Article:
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Marathon fever grips China in 2016 | Updated: 2016-12-26 15:22

Marathon fever grips China in 2016

Runners compete during the 2016 Beijing International Marathon in Beijing, Sept 17, 2016. [Photo/VCG]

Marathon fever gripped China in 2016 with a record high of 2.8 million people participating in the long distance events held across the country.

Nowadays, marathons have become not only sporting events in China, but a spectacle to enjoy and celebrate. For some entrants, running a marathon is a chance to dress up in costumes, fulfill a life objective, or even propose to your loved one.

This year saw 328 marathons held in China, attracting about 2.8 million participants, a massive 85 percent increase over 2015.

Contestants from Africa are known for their strong long distance running abilities, prompting some complaints about the predictability of the results when they entered marathons in China.

For example, Ethiopian runners dominated the 2016 Beijing Marathon sweeping the medals in the men's race and the top two prizes in the women's on September 17.

A week later, Ethiopian runners cleaned up in the men's and women's races at the 2016 Hengshui Lake International Marathon in the northern Chinese city of Hengshui.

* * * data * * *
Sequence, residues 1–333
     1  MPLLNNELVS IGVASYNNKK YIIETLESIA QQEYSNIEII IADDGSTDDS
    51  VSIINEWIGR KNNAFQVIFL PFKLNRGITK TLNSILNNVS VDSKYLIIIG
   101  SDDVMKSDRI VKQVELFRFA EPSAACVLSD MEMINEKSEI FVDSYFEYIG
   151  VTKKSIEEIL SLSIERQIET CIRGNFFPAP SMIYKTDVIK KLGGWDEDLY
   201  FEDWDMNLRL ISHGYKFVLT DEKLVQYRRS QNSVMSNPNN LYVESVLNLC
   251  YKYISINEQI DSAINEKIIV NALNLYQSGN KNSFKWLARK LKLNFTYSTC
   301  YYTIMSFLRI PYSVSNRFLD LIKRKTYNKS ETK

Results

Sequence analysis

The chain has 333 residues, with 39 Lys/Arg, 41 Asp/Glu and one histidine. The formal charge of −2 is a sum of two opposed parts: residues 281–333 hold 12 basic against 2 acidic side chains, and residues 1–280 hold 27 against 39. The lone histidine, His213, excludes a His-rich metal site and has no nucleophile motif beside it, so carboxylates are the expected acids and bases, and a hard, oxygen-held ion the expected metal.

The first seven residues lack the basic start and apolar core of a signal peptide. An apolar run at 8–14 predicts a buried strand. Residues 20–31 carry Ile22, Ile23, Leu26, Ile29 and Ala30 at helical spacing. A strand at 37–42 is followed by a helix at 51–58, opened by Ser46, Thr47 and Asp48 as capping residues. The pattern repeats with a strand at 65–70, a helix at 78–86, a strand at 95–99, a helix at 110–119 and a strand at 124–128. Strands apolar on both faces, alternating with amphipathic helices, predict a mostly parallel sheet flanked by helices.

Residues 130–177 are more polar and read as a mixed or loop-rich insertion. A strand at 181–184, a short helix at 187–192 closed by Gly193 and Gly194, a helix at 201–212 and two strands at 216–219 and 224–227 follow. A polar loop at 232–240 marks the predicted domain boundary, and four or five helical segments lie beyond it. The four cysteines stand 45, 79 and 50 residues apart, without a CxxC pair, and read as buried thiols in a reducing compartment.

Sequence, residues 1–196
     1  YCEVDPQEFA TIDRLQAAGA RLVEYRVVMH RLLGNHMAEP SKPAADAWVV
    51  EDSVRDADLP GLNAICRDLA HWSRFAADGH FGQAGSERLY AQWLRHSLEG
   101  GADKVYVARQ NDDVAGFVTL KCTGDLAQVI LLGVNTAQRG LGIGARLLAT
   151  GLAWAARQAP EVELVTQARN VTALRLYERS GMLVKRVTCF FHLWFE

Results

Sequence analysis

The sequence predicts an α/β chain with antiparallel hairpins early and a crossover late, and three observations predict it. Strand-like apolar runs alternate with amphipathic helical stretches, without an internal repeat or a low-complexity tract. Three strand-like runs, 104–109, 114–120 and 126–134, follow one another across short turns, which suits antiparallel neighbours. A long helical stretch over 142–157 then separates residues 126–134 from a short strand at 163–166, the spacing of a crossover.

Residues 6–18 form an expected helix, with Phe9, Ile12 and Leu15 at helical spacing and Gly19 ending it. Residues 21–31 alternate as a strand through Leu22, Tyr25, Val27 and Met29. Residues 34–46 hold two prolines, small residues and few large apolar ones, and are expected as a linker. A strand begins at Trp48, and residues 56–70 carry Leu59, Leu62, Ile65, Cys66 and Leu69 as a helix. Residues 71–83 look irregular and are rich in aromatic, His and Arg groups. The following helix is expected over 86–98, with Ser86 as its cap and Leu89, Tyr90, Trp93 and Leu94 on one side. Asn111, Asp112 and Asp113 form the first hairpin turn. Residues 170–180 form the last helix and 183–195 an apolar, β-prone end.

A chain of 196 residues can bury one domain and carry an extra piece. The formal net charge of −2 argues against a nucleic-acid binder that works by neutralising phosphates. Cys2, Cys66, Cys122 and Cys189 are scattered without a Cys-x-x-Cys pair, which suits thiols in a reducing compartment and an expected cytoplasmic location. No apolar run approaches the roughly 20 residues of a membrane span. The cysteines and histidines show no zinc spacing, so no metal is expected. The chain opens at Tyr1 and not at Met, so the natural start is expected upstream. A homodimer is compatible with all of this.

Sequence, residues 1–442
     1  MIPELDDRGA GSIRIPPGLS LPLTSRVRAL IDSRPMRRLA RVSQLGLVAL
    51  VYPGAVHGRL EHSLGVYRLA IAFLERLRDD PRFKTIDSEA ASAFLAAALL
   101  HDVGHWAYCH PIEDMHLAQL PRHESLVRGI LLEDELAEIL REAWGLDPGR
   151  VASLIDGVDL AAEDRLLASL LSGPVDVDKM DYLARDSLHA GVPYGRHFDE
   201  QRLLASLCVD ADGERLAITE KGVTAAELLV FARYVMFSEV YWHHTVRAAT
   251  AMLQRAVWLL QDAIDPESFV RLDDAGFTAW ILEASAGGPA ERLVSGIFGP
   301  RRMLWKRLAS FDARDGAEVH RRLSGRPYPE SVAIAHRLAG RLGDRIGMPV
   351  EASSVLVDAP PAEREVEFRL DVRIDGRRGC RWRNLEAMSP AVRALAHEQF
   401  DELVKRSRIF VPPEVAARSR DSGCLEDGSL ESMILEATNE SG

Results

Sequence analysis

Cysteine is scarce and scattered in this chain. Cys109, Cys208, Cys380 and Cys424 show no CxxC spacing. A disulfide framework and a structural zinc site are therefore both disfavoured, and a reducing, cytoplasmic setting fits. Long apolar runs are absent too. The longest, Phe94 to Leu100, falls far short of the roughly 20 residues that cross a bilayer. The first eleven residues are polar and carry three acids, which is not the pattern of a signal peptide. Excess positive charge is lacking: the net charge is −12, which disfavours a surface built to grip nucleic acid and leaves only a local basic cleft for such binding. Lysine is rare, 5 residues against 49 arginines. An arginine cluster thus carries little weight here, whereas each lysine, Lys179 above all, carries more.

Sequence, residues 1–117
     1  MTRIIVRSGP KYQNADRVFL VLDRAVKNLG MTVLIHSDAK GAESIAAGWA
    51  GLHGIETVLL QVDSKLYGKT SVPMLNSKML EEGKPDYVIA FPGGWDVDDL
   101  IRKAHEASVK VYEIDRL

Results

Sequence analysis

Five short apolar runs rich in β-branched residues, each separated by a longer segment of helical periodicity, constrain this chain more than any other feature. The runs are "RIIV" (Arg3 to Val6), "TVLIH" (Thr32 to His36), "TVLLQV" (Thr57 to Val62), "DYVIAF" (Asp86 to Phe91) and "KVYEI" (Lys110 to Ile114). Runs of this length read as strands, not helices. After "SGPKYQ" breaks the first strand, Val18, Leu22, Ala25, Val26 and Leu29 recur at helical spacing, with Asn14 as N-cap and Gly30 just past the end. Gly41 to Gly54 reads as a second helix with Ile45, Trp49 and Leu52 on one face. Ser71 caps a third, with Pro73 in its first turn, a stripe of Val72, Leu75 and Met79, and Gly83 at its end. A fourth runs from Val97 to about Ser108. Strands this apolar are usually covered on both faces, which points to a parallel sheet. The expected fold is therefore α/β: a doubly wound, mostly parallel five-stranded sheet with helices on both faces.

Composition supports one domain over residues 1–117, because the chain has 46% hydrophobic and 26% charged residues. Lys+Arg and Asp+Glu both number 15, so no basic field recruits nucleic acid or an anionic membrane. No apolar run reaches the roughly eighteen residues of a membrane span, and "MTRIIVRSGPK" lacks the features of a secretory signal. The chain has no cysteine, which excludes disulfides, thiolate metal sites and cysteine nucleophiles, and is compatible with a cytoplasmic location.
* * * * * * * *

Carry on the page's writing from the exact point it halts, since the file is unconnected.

To encourage more non-professional runners to enter, the Chinese Athletics Association amended regulations, encouraging organizers to highlight local characteristics and elements.

However, problems such as quota allocation, cheating and health risks have undermined the competition, and need to be taken seriously by organizers and participants.

The deaths of runners in some contests has put a black cloud over marathon fever.

Earlier this month, two participants died after collapsing during the Xiamen International Half-Marathon in East China's Fujian Province.

One of the deceased was a substitute who competed under someone else's name and number.

Two female competitors in a Shenzhen marathon had their results canceled this month when it was discovered that two male ringers had run in their place.

China's athletics governing body and runners have called for tougher regulations to halt cheating in qualifying for marathons.

In terms of runners' health problems, some organizers demand health certificates and some demand previous marathon finish certificates.

Organizers have also reminded anyone considering entering that if they have symptoms that suggest potential heart problems or if they have a family history of sudden heart failure they should be cautious.

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